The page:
Our Services

Our home inspections are performed with great care and attention to detail.

Residential Home Inspections

Our licensed and certified inspector conducts comprehensive evaluations of residential properties, providing in-depth insights into structural and system conditions. Ideal for buyers and sellers, our home inspections ensure a clear understanding of a property’s status.

New Construction Inspections

Ensure the quality and safety of your newly constructed property with our detailed inspections. We identify and address any defects before handover, ensuring a smooth transition for both builders and property owners.

4-Point Inspections

Required for insurance purposes, our 4-point inspections focus on four key components of your home—the roof, plumbing, electrical, and HVAC system. Essential for older properties, this assessment helps determine coverage eligibility and assess risk.

Wind Mitigation Inspections

Safeguard your property against wind damage with our mitigation inspections. We evaluate features like roof shape and materials, identifying measures to reduce risk. Implementing these measures may lead to insurance premium discounts, showcasing your commitment to safety.

Frequently Asked Questions

Buying or selling a home can be a stressful experience, but we’re here to ensure you know what to expect during your home inspection.

A home inspection includes checking for any structural issues such as foundation cracks, roof leaks, plumbing issues, electrical wiring, heating/cooling systems, insulation, windows, doors, chimneys, etc. Depending on how big the property is, a home inspection typically takes 2-3 hours.

Ensure all inspection points are free from clutter, including any closets that might lead to a crawlspace or attic, and clearing some space around your home’s perimeter. It’s also important to check the functionality of all built-in appliances, electric, and gas. If you don’t plan to attend the inspection, make sure your inspector has access to the home, and all pets are properly contained or moved.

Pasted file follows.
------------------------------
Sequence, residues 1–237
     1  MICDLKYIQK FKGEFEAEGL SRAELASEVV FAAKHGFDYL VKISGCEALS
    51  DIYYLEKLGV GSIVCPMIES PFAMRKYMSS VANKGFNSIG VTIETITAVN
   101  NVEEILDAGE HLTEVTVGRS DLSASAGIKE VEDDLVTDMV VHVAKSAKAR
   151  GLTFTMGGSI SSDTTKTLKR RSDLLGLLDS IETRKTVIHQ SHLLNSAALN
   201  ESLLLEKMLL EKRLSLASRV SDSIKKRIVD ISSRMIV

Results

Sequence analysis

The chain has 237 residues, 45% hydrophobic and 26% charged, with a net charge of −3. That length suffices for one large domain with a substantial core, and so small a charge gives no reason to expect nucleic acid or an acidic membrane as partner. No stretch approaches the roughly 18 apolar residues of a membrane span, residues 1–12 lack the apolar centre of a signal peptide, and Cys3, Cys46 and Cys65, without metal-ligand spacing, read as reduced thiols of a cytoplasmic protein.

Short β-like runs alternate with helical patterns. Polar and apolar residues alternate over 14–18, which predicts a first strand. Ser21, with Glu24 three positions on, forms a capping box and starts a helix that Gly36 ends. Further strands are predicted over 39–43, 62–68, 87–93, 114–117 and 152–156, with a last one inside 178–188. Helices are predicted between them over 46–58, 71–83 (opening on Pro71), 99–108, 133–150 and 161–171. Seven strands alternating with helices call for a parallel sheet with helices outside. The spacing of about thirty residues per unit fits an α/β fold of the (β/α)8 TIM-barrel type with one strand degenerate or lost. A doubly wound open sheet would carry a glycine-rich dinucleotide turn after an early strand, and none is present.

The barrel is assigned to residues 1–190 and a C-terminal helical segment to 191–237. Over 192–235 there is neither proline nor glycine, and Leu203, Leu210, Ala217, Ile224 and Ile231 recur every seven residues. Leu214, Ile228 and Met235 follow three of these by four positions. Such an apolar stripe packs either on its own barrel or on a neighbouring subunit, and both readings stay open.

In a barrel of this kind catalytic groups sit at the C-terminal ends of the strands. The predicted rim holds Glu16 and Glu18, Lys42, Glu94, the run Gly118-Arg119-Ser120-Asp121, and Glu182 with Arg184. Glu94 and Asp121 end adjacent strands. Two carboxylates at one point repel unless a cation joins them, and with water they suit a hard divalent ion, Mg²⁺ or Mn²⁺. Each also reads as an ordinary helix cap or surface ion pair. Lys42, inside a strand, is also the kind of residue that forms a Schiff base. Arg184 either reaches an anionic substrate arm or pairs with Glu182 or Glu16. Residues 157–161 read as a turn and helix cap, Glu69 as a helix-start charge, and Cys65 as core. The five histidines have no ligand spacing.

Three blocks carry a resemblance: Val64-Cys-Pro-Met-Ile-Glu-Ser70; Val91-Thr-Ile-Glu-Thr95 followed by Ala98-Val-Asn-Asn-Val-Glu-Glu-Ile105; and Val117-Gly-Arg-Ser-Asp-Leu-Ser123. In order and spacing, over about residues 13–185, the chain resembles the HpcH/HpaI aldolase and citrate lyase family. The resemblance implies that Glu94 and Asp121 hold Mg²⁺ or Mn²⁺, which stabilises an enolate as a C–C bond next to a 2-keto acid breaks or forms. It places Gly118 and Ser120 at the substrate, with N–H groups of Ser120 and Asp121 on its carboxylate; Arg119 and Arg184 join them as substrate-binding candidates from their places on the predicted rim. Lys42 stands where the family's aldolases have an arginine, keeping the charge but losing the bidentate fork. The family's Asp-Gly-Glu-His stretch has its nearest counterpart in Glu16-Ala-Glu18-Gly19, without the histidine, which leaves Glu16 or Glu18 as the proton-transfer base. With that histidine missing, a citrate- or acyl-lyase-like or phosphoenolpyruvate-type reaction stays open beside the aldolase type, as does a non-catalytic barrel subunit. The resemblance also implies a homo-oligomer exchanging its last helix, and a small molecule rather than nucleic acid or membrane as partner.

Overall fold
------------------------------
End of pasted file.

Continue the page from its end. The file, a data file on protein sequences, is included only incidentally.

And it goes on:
A home doesn’t pass or fail an inspection. Instead, a home inspection is a thorough audit of your home’s components. In most cases, there will be concerns marked on your home inspection report, but these are strictly informative.

While you can legally skip a home inspection in many cases, doing so could mean  you may end up buying a home that has major issues that need to be fixed.

While a home inspector may recommend some minor repairs, they are not qualified to make major repairs. He or she can provide information about what needs to be repaired — and it might be helpful to know that information — but the decision to actually do the work lies solely with the homeowner. Not only does this give you the freedom to choose your contractors, but it also helps prevent a conflict of interest.

A home inspection can affect appraisals for two reasons: 1) The inspector may find something wrong with the property that would lower the value of the home, 2) The inspector may find things that need repair which could increase the value of the home. If the inspection finds issues that require repairs, then the seller has to decide whether they want to fix them themselves, or hire someone else to do it. If the buyer wants to purchase the home, he/she must be willing to pay for those repairs.